Saturday, August 22, 2009

Happy Birthday!!!

Birthday wishes are in order!

Yesterday, Jon Downes - Director of the Center for Fortean Zoology and monster-hunter extraordinaire - celebrated his 50th birthday!

I first met Jon back in 1997, when the CFZ was a relatively small body, comprised of Jon, Graham Inglis, Richard Freeman, and a few correspondents dotted around the British Isles, and which operated out of Jon's then-cramped little abode on the fringes of the city of Exeter, Devonshire, England.

Today, the situation is very different: the CFZ is now truly an international body, with countless, dedicated people undertaking work, research and investigations on behalf of the group. Not only that: from its humble beginnings, the CFZ today undertakes expeditions across the world in search of all manner of cryptids; publishes an excellent, glossy-covered journal highlighting the very latest in the world of cryptozoology; and puts on a truly superb yearly conference - the Weird Weekend.

And, somewhat appropriately, the CFZ today has its base of operations in a sprawling, centuries-old abode cast out of ancient stone, situated in an old and picturesque English village, and of a type that Sir Henry Baskerville himself would be proud to call home.

On his special day, I am proud to call Jon my friend. Jon has overcome obstacles, fought against the nay-sayers, worked hard to make the CFZ the organization that it is today, and found love with his beloved Corinna.

So, as Jon (or, as I have decided to call him from now on, "Ye Great Olde One") celebrates his half-a-century, I raise my glass to a man who has overcome the odds to follow his heart, to do something on his own terms and no-one else's, and to further our knowledge as it relates to the fascinating world of cryptozoology.

Cheers, Jonny!

Beasts of the Lake

My latest Lair of the Beasts article has just been published over at and deals with the startling range of weirdness that can be found within the depths of a certain lake that me and Dana lived next to for 4 years in Dallas. Truly a strange place; but the perfect location if you're into monster-hunting, of course!

Friday, August 21, 2009

A 1970s Wolfman

Here's a very interesting new story highlighted at today's Anomalist:

The Wolf Woman of Mobile Alabama The Paranormal Pastor. Dating back to early 1970s in the Mobile, Alabama area, a "wolf-woman" was reported extensively by several residents startled and confused by what they say they witnessed. Described as possessing a beautiful woman's face and upper body attached to a wolf's body, the unknown creature was witnessed over a week-long period, yet harmed no one. Although no stranger to folklore, the werewolf or "skinwalker," is a legendary creature that has the ability to change into animal form through sorcery or evil means thus creating the reputation it enjoys today. But a more reasonable explanation may lie within a report filed in the same area in the late 1800s.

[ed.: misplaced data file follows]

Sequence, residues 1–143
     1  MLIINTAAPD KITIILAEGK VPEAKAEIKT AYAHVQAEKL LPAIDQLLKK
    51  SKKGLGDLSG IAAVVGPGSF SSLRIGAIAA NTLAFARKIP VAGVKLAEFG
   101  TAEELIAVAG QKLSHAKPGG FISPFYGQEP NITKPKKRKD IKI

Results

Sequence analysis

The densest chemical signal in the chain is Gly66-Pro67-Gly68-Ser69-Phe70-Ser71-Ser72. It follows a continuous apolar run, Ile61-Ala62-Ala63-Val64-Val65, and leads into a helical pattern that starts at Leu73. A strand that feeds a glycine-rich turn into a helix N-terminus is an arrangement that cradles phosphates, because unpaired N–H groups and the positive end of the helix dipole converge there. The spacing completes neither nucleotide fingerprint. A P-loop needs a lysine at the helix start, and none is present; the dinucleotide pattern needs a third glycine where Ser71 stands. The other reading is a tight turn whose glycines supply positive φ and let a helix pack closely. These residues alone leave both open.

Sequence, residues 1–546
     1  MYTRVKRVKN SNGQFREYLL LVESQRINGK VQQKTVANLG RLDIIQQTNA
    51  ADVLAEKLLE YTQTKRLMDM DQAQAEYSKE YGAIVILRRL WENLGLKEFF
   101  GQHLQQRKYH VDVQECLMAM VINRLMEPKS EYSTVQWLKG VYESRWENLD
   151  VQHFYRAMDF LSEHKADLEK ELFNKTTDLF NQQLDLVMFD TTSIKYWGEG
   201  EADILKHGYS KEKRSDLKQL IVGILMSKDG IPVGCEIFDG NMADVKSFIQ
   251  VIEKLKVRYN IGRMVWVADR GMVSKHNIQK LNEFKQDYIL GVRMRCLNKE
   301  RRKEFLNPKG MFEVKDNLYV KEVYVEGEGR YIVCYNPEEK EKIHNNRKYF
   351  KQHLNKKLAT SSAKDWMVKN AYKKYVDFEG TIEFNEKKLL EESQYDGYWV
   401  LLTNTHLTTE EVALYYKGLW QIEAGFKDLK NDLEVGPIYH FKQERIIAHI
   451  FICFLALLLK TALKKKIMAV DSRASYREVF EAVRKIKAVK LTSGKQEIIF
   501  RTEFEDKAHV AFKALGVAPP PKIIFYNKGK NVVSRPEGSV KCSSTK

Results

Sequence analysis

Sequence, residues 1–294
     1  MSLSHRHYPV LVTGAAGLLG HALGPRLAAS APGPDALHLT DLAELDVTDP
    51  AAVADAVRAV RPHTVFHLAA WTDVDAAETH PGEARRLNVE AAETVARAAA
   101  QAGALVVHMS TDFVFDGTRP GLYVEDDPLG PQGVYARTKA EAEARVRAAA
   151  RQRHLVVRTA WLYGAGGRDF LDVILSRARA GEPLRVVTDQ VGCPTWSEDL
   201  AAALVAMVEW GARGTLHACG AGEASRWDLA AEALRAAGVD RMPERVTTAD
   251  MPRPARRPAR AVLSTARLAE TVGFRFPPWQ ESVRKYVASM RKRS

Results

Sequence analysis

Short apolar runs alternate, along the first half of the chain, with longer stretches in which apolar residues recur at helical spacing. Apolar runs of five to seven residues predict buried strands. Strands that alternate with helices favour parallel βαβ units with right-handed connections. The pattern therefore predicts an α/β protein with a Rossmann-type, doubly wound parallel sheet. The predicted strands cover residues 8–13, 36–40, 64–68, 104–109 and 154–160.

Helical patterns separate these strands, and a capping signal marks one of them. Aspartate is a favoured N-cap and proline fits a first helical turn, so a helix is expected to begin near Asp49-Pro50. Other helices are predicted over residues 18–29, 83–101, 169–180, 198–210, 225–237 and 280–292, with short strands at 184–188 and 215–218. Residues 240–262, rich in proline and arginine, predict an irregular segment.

Thursday, August 20, 2009

Western Isles Mystery Animals

CFZ Press has just published an excellent new book that I had the opportunity to briefly dig into while I was at the Weird Weekend last weekend: it's the latest in the on-going series of books designed to chronicle the many and varied weird animals, creatures, monsters and zooforms of each and every British county.

The latest title (written by author Glen Vaudrey) is Mystery Animals of the British Isles: The Western Isles.

I'll be doing a big review of the book right here as soon as I have read it.


An Owlman Tribute?

Some people are speculating that this new Owl-like Crop formation that has appeared in the fields of England is a tribute to the Harry Potter stories. I like to think, however, that it's a tribute to the closest thing that Britain has to Mothman - namely, the glowing-eyed Owlman of Mawnan, Cornwall...

Hobbit Latest

The Anomalist informs us of the latest news on the ongoing "Hobbit" controversy:

Hobbits Walked Out of Africa The Australian. A new analysis by Australian and Indonesian scientists indicates that Homo floresiensis, the tiny human-like creature discovered on the Indonesian island of Flores in 2004 and nicknamed the Hobbit, is not a deformed modern human, as some critics have claimed, but the small-brained, long-armed biped may actually have been the first human-like creature to walk out of Africa. Previously researchers suspected that these Hobbits had descended from Homo erectus but had shrunk over time because of their confinement on an island.

Wednesday, August 19, 2009

Back to the Woods!

Finally home again in sunny Dallas, Texas after a week in jolly old England, and normal service will be resumed tomorrow!

In the meantime, check out the Center for Fortean Zoology's blog for all the pictures, news, reviews and more from last weekend's Weird Weekend gig, at which I spoke.

Highlights of the weekend for me were (finally!) getting to meet Neil Arnold in person; and seeing my old mates Jon Downes, Richard Freeman, Graham Inglis, Mark North, and Andy Roberts again.

However, the absolute highlight was getting to hang-out with Punk-Rock God, Rat Scabies, drummer from the legendary band The Damned, who entertained the audience with a lecture about his research into (and his book on) the mystery of Rennes Le Chateau.

In the picture above, I seem to be holding an invisible pint of beer, while Rat (in white t-shirt and black-coat) looks on, slightly mystified. Well, I was jet-lagged, it had been a long day, and a few pints had indeed been consumed...